Ohio State is back at home this week, where they’ll play host to Big Ten opponent Maryland at 4:00 p.m. on Saturday. The Terps already bested one conference opponent, Minnesota, on their way to a 3-1 start to the season.
With a former No. 3 quarterback as the starter, and a former Urban Meyer assistant at the helm, we reached out to our friend Thomas Kendziora from SB Nation’s Testudo Times to talk about the state of this Maryland team. You can follow him (@TKendziora37) and the blog (@TestudoTimes) on Twitter. Our corresponding Q&A from their site can be found here.
Land-Grant Holy Land: Dwayne Haskins could have been the QB leading the Terps this weekend, but with flipped commitments, it'll be Max Bortenschlager instead. Is the former No. 3 QB living up to expectations?
Testudo Times: It would be hard not to, because until last week, I don’t know if Maryland fans had any expectations for Bortenschlager. The first two times he saw extensive action were against Nebraska last year and in relief against UCF, and he looked overwhelmed both times. But with a week to prepare with the first team, he held his own and gave Maryland a chance to win a Big Ten road game. Not everybody’s third-stringer can be Cardale Jones, and Bortenschlager is still limited in some ways, but it looks like Maryland will be able to compete without its top two options, which is encouraging in the bigger picture.
LGHL: What does the future of Maryland's QB position look like if Bortenschlager finds success over the next couple of games?
TT: The quarterback of the future should still be Kasim Hill, who was the quarterback of the present until tearing his ACL against UCF. Just three months after Haskins flipped his commitment, the Terps landed Hill, who ended up around the same spot in the rankings Haskins did the year before. But it’ll be weird to see what happens. Both Hill and Bortenschlager lost the quarterback battle in camp to sophomore Tyrrell Pigrome, who tore his ACL against Texas. And then there’s Caleb Henderson, who was in the lead during the spring before suffering a foot injury (he’s currently available as Bortenschlager’s backup, even if his ceiling might actually be higher). All four of those guys should be healthy in fall camp 2018, so we’ll be asking questions about this position for a long time. At least next year, the guys will all be known quantities.
LGHL: It seems like most of Maryland's offense comes by way of DJ Moore and Ty Johnson, are there any other skill players who aren't getting the attention they should be?
TT: I think the only one you’re leaving off is Lorenzo Harrison, who’s as slippery a running back as you’ll see but doesn’t hit quite as many home runs as Johnson does. There’s also wide receiver Taivon Jacobs, who was initially an Ohio State commit and is healthy for just the second year in his career. But Moore and Johnson are the stars, and you’ll see more of them than anyone else.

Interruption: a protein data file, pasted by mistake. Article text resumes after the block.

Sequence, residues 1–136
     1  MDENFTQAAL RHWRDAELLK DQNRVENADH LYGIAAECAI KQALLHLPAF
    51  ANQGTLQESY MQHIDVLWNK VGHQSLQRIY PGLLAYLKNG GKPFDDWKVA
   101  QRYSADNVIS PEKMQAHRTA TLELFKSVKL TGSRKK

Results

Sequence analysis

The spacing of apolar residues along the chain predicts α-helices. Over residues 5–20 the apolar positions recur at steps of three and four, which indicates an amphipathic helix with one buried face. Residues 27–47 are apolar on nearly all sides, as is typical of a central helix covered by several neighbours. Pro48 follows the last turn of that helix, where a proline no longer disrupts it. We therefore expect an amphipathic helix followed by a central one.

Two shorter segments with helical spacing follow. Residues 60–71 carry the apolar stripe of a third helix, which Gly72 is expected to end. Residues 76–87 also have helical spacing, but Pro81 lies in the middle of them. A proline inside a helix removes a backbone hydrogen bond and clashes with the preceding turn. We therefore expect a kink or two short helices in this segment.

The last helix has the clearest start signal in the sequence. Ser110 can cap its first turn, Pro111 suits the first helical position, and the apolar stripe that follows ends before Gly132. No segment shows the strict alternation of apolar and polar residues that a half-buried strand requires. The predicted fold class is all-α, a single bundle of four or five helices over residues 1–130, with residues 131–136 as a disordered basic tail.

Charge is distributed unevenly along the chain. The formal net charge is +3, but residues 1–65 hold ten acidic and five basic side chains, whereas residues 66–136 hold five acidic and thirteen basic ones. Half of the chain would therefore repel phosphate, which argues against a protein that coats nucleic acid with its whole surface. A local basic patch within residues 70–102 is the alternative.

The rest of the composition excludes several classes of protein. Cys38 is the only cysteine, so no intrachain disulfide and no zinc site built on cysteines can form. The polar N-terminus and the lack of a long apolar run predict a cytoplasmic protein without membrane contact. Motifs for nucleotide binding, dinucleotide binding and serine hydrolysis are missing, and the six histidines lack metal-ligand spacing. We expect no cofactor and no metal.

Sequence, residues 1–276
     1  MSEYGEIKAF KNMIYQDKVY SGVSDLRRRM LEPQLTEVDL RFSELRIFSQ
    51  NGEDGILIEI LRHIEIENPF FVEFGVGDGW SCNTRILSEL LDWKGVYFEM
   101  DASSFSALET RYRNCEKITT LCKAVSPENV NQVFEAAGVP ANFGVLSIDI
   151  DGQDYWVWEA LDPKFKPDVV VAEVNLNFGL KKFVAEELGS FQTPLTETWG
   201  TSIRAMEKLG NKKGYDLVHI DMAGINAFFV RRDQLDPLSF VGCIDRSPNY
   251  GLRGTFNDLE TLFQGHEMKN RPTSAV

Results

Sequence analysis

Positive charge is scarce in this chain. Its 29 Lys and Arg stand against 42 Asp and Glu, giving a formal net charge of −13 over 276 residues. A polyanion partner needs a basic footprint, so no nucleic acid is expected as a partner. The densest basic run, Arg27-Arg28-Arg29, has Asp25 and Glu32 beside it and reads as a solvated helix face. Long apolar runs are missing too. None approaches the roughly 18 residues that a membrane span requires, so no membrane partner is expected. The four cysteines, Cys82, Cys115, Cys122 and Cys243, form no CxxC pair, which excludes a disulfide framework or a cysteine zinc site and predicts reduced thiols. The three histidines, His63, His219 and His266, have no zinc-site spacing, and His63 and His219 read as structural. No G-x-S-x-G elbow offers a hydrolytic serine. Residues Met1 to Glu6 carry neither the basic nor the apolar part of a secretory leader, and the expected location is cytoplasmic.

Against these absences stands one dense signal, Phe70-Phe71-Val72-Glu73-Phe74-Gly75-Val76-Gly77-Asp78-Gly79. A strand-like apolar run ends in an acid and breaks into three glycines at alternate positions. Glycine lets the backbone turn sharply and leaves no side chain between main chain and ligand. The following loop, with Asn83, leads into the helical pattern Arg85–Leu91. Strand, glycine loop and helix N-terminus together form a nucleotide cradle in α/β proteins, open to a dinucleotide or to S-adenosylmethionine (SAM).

LGHL: How do you feel the program has been under D.J. Durkin?
TT: The program is definitely on an upward trend. Recruiting is as strong as it’s ever been, as the Terps are starting to bring in top-25 classes. Countless players have made noticeable strides in the past season or two. Durkin has been everything you could ask for, and he brought a superb staff with him (including offensive coordinator Walt Bell, who’s suddenly drawing some Tom Herman comparisons). As Durkin said himself before the season, “We're not there yet in terms of where we want to be from 1-to-85 or 1-to-105, but we're certainly a lot closer and I like where we're at.”
LGHL: Do you think this Terp team could pull off another Big Ten upset this year?
TT: It really depends on what you call an upset. Maryland’s remaining schedule includes four games against current top-10 teams, and I don’t see the Terps knocking any of the conference’s stalwarts off with a third-string quarterback. The other four games are against Northwestern, Indiana, Michigan State and Rutgers, which all seem winnable at the moment. So it probably makes the most sense to measure Maryland by its results in those games (cross off Rutgers if you want), and if they can give some of the juggernauts a run, then that’s a nice bonus.
LGHL: Ohio State's wide receivers struggled early on, does Maryland have the secondary weapons to keep them contained?
TT: The passing defense has looked shaky at times, but is still somewhat of a strength for this team. JC Jackson has turned into a shutdown corner, and Antoine Brooks is making plays all over the field. The question marks, then, are sophomore corners Tino Ellis and Antwaine Richardson, who have looked solid but don’t have the track records. If they step up Saturday, that’ll help keep their team in it.